Chapel Hill-Carrboro Juneteenth Celebration

June 17, 10 a.m. to 3 p.m.

Mark Juneteenth and celebrate Black community and culture through food, live music, a nonprofit expo, kids activities, vendors and more at Hargraves Community Center. The third annual event is hosted by Chapel Hill Community Arts & Culture.

Fourth of July Fireworks

July 4, 7 p.m.

Celebrate the holiday with a fireworks show at Southern Community Park. Attendees are encouraged to bring blankets and chairs and pack a picnic. Parking is available at 7 p.m., and the display begins at 9 p.m. CHM

Weavers Grove Community Celebration

Saturday, May 20 | 11am - 2pm | 7516 Sunrise Road, Chapel Hill

You’re invited to join us as we celebrate the start of new home construction at Weavers Grove. This free event will include tours of the site, food and special treats, engaging activities for children, and opportunities to learn more about Weavers Grove and Habitat for Humanity, and more! Learn more at

12 May/June 2023 ABOUT TOWN
CHM Weavers Grove Event Ad 3.0.indd 1 3/22/2023 4:53:23 PM

New location less than 1 mile away!

Feels Like Family

Chris G. Adigun, MD is a board certified dermatologist and a recognized leader in dermatology. She is known for her expertise in laser and aesthetic dermatology as well as her warm, compassionate and down-to-earth personality. Dr. Adigun’s team is comprised of top notch, dermatology-trained professionals, offering the latest technology and treatments.

There is a reason DLC has been voted Best of Chapel Hill and Best of Chatham every year since we opened the doors. It’s simple, DLC treats everyone like family!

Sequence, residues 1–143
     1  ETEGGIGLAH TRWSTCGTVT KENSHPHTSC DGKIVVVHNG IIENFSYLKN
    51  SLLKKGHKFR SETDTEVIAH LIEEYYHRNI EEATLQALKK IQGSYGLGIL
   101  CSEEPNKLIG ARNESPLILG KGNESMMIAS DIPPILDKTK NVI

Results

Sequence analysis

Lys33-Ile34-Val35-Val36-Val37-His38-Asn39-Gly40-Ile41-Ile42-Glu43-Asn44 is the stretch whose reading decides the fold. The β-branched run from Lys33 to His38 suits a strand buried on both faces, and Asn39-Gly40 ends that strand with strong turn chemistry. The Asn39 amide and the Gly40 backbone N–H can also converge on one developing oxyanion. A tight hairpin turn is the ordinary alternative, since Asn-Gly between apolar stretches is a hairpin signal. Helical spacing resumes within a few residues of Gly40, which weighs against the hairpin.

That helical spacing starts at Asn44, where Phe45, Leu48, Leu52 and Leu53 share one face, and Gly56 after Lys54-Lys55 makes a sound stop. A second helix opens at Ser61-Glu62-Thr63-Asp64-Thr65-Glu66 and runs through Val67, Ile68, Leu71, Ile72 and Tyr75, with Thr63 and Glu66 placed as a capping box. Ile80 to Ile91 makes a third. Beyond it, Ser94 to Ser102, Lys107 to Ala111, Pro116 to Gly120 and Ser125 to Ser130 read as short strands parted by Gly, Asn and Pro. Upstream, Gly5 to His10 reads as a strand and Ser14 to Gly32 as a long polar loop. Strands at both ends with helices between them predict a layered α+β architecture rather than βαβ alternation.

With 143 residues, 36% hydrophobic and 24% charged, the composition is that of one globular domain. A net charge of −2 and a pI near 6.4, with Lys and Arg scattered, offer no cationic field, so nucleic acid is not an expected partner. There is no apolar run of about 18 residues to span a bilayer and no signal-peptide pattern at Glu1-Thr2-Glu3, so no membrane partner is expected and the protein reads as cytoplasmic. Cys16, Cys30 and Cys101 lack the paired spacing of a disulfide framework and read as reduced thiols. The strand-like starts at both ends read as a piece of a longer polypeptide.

Voted Best Of Chatham 2019-2022 Voted Best Of Chapel Hill 2017-2022

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2022 2021 202 1 202 2

Chamber 80th Annual Meeting

More than 300 business owners, elected officials and community members gathered for The Chamber for a Greater Chapel Hill-Carrboro’s 80th Annual Meeting at The Carolina Club in February. The morning meeting was kicked off with coffee and networking, followed by a full breakfast. Chamber President and CEO Aaron Nelson led a presentation of 2022’s business successes and gave a preview of what’s next for 2023. 

16 May/June 2023 PEOPLE & PLACES
1 Rebecca Johnson, Chamber board member Ryan Stewart and Danny Hume. 2 Chamber board member Betsy Harris, Chapel Hill Town Council member Camille Berry and Bruce Runberg. 3 Candice Perry, Bernadine Cobb and Chamber board member Creighton Blackwell. 4 Chamber board member Jennifer Player and Brian Toomey.
1 2 3 4 5
5 Chapel Hill Town Council member Paris Miller-Foushee and Margaret Barrett.


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Chamber 80th Annual Meeting

Several local leaders received awards, including UNC’s Associate Vice Chancellor for Facilities Services Anna Wu, who received the Town & Gown Award; 2022 Chamber treasurer John Kiley, recipient of the 2022 Chair’s Award for Service to the Chamber; Pilar Rocha-Goldberg, president and CEO of El Centro Hispano, who received the 2022 Duke Energy Citizenship & Service Award; and Carrboro Mayor Damon Seils, who was awarded the 2022 Chair’s Award for Public Private Partnership. Photography by John

18 May/June 2023 PEOPLE & PLACES Pack your picnic and bring your friends and family for memorable, musical evenings at Cary’s Booth Amphitheatre! Kids 12 and under admitted free on the lawn! UNC HEALTH PRESENTS SUMMERFEST 10 LAWN FLEX PASSES ONLY $240 SAVE 25%! BOOTH AMPHITHEATRE, CARY SPONSORED BY HOSTED BY PRESENTED BY SCAN HERE TO PURCHASE or call the box office and mention promo code SUMMER *Offer not retroactive or available at the gate. 919.733.2750
CONTINUED 6 Poonam Nandani, Aaron Nelson and Triangle Digital Partners’
Rory Gillis.
7 Matt Gladdek, Triangle Media Partners’ Ellen Shannon and Jeri Lynn Schulke.
8 Chamber board chair Lori Doherty, Rick Doherty and Leigh Kempf.
6 8 7
Michael Simpson CHM